A “Super-Jupiter” recently discovered by direct imaging techniques may not be as it initially seemed. Hinkley et al. find the system to be older than expected and the Super-Jupiter to really be a brown dwarf.
The mass of a substellar companion can help determine whether it’s a planet or a brown dwarf. But how can you measure the mass of a companion that you can’t detect directly? Look at the disk!
A new brown dwarf system has been discovered only 2 parsec away; Gillon et al. analyze its light curve to study clouds on the surfaces of these stars.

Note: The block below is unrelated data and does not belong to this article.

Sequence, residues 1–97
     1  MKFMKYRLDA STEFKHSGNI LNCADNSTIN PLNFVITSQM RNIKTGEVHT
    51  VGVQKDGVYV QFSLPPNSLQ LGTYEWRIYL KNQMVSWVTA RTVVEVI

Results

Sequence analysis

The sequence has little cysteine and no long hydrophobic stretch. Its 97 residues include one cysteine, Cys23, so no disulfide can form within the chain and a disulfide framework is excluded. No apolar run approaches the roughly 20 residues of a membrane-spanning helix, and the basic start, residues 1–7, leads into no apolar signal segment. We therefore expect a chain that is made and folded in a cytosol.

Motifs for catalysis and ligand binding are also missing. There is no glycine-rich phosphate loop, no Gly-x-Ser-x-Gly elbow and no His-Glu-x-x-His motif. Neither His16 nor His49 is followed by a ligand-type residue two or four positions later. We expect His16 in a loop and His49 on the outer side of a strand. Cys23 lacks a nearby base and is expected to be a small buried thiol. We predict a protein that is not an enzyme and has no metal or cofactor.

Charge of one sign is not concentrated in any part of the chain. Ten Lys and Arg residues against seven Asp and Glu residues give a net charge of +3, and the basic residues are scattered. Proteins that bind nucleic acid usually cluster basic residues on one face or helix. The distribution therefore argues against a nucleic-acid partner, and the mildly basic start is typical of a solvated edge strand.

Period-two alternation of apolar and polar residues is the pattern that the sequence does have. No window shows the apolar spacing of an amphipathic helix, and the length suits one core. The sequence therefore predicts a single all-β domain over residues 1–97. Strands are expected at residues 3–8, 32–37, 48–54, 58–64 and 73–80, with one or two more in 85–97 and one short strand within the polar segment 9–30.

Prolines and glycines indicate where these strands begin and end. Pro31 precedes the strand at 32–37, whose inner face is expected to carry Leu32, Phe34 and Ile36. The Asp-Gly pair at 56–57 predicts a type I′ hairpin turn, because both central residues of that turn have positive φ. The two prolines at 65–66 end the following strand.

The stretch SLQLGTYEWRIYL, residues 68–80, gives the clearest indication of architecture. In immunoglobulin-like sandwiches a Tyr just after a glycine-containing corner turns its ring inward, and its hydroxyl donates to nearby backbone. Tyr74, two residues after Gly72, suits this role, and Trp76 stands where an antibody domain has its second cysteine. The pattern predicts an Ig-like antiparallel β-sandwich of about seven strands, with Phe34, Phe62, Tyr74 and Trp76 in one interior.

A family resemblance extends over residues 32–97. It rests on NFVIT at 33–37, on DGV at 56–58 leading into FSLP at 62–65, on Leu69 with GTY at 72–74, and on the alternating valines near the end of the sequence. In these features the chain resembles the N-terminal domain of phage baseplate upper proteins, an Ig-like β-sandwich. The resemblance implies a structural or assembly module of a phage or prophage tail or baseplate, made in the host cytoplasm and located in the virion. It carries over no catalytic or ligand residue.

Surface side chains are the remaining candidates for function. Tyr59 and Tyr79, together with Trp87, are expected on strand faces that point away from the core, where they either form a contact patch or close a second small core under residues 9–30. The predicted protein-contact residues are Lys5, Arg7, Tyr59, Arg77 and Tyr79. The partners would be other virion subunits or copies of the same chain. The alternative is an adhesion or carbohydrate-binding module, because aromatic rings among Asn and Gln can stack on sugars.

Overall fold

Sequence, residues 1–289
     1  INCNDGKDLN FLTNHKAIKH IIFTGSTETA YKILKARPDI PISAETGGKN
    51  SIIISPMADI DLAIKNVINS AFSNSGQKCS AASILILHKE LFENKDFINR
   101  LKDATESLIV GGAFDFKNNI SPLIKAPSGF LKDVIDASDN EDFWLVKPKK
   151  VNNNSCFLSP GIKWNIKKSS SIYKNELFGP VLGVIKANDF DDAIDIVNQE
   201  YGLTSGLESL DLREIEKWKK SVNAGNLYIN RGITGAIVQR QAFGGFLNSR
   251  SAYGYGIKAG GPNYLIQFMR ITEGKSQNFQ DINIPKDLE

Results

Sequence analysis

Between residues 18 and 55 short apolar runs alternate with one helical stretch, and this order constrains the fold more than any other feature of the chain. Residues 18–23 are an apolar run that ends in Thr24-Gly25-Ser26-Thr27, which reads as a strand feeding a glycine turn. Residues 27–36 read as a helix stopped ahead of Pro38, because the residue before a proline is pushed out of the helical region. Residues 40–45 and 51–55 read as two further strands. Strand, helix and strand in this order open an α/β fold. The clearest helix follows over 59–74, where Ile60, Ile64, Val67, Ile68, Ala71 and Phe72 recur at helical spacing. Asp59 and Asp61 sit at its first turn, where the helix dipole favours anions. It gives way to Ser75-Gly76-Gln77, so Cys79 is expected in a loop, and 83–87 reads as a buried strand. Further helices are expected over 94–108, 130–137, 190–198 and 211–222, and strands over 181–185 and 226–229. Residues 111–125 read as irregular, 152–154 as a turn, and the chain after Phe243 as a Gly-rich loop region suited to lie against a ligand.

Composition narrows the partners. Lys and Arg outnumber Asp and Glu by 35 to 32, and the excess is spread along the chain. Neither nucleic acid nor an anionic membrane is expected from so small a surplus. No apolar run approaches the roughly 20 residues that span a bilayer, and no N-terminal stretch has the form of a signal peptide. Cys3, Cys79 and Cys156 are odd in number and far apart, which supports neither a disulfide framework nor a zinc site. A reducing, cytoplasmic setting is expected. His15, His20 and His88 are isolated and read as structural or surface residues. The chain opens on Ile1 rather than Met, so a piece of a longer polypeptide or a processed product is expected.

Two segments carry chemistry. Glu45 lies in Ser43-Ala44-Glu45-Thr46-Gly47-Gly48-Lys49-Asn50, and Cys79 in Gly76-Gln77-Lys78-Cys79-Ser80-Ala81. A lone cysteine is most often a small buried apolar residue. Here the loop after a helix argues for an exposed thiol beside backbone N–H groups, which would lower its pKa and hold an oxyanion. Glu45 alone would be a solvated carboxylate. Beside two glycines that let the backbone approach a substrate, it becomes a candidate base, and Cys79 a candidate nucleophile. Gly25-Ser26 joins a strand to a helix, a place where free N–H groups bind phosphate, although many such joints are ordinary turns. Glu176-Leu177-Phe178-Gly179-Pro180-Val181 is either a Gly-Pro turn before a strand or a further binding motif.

With the addition of these 87 new T dwarfs, WISE has now tripled the number of known T dwarfs with spectral type later than T5.
A wealth of observations tell an active accretion story within the Lambda Orionis Star Forming Region, at the head of the Orion constellation.
What happens to a low-mass companion when a star evolves off the main sequence to become a white dwarf?
The Wide-field Infrared Survey Explorer (WISE) data release promises many new and exciting discoveries!
This paper describes an incredibly variable brown dwarf. To fit this variability with models, a combination of thick clouds and clearer areas are needed. This means that there are big dusty storms that cover large fractions of 2M2139’s surface!
Today we will be discussing an exciting discovery – the first observations of an entirely new spectral class of stellar objects!